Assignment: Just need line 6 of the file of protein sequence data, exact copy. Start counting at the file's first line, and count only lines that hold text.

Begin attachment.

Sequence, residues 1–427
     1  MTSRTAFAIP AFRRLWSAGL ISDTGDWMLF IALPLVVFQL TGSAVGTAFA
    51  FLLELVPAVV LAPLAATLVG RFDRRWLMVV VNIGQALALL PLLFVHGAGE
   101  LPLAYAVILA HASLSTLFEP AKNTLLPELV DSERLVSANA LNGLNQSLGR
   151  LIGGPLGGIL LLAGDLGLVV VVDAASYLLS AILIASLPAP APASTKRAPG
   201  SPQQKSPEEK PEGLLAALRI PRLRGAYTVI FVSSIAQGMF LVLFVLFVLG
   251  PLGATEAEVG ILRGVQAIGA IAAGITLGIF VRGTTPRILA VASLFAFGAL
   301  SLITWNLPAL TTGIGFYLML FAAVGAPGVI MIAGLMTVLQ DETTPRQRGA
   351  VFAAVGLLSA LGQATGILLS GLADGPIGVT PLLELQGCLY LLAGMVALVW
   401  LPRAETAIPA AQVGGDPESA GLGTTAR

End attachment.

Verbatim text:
   201  SPQQKSPEEK PEGLLAALRI PRLRGAYTVI FVSSIAQGMF LVLFVLFVLG